FIG. 13 is a view of the bottom of lid 1200. Hinged door 1212 is for the insertion of dry ice block 1208. Lower surface 1210 is perforated as shown to provide holes for the escape of gas as dry ice block 1208 evaporates upon warming.

FIG. 14 is a diagram of a lid 1400 showing an alternate hinged edge door 1402 that could be used to insert either a gel pack as shown in FIG. 10, or a dry ice block as shown in FIG. 12.

Another embodiment includes a liner as described with a lid that is made of a porous foam. The porous foam is compressible and can be pressed into the liner as far as required to cover the contents of the liner and exclude most air space above the contents. Dry ice or some other refrigerant may be added to the contents of the container. The foam is porous enough to allow evaporating gas to escape the container.

FIGS. 15a, 15 b, and 15 c show inside tote dimensions of a small tote 300 according to one embodiment. The inside dimensions represent the outside dimensions of a corresponding liner as described.

FIGS. 16a, 16 b, and 16 c show the inside dimensions of a large tote 100 according to one embodiment. The inside dimensions shown represent the outside dimensions of a corresponding insulating liner.

A container for handling and transporting temperature-sensitive items has been described with reference to particular embodiments. Other embodiments are within the spirit and scope of the invention. For example, the container may be used to keep hot items warm rather to keep cold items cold, in which case, refrigerants would not be used in the lid. Different insulating materials or cooling materials than those described herein could also be used. A system is also envisioned in which the container includes a liner as described and dry ice in the lid as described, but is further pressurized such that the dry ice maintains its solid state and provides cooling for a much longer period, until the container is depressurized. The container has been described as for use in transporting food items. It is within the spirit and scope of the invention, however, to use the container described herein for transporting biological or industrial materials.

Patent Citations
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Referenced by
Citing PatentFiling datePublication dateApplicantTitle
US6668577 *Feb 15, 2002Dec 30, 2003Bcf HoldingInsulated container
US7139637May 10, 2000Nov 21, 2006William Henry WaddingtonOrder allocation to minimize container stops in a distribution center
US7139721Mar 16, 2001Nov 21, 2006Borders Louis HScheduling delivery of products via the internet
US7177825May 10, 2000Feb 13, 2007Borders Louis HIntegrated system for ordering, fulfillment, and delivery of consumer products using a data network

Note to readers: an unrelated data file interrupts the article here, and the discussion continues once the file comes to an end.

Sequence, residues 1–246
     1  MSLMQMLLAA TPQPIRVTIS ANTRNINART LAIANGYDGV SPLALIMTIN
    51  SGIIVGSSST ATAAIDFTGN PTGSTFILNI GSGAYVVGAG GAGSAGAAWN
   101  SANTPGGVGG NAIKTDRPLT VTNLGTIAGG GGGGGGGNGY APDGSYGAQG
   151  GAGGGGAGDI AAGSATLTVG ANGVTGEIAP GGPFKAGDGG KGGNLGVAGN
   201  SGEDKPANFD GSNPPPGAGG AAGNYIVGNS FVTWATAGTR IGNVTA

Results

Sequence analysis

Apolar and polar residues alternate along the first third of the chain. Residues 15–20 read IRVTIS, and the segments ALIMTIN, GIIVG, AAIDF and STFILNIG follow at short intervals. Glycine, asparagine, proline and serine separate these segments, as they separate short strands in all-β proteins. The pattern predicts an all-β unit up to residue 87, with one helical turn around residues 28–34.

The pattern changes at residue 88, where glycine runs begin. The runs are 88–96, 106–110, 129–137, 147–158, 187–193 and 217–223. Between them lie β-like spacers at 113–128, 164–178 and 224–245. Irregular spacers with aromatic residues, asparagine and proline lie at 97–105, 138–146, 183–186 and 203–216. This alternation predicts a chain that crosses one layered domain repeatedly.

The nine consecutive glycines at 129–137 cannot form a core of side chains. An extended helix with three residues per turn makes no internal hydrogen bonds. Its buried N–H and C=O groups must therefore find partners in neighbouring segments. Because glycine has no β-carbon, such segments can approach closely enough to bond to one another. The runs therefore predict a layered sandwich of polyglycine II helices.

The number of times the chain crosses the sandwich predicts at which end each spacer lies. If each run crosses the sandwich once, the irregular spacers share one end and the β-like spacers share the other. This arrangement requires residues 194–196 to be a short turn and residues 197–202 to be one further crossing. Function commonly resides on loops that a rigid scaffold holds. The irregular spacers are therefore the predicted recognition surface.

US7197547May 10, 2000Mar 27, 2007Andrew Karl MillerLoad balancing technique implemented in a data network device utilizing a data cache
US7233914Dec 27, 2000Jun 19, 2007Joyo WijayaTechnique for implementing item substitution for unavailable items relating to a customer order
US7240283Feb 22, 2001Jul 3, 2007Narasimha Rao PailaData transmission and rendering techniques implemented over a client-server system
US7251612Jul 20, 2000Jul 31, 2007Parker John EMethod and system for scheduling distribution routes and timeslots
US7308423Mar 19, 2001Dec 11, 2007Franklin Goodhue WoodwardTechnique for handling sales of regulated items implemented over a data network
US7370005May 10, 2000May 6, 2008Peter HamInventory replication based upon order fulfillment rates
US7437305May 10, 2000Oct 14, 2008Christopher Angel KantarjievScheduling delivery of products via the internet
US7493554Jun 22, 2007Feb 17, 2009Narasimha Rao PailaData transmission and rendering techniques implemented over a client-server system
US7509407Jul 27, 2005Mar 24, 2009Andrew Karl MillerLoad balancing technique implemented in a data network device utilizing a data cache
US7532947Feb 18, 2006May 12, 2009William Henry WaddingtonMethod and system for order fulfillment in a distribution center
US20100064698 *Sep 16, 2009Mar 18, 2010The University Of Wyoming Research Corporation D/B/A Western Research InstituteTemperature Control Transport System
Classifications
U.S. Classification62/371, 62/457.2, 62/372
International ClassificationF25D3/14, B65D25/16, B65D21/06, B65D81/18, B65D81/38, F25D3/08
Cooperative ClassificationF25D3/14, F25D2500/02, B65D21/064, F25D2331/804, B65D81/18, F25D3/08, B65D2203/06, B65D81/3823, B65D25/16
European ClassificationB65D25/16, B65D21/06C, F25D3/08, B65D81/18, B65D81/38B4
Legal Events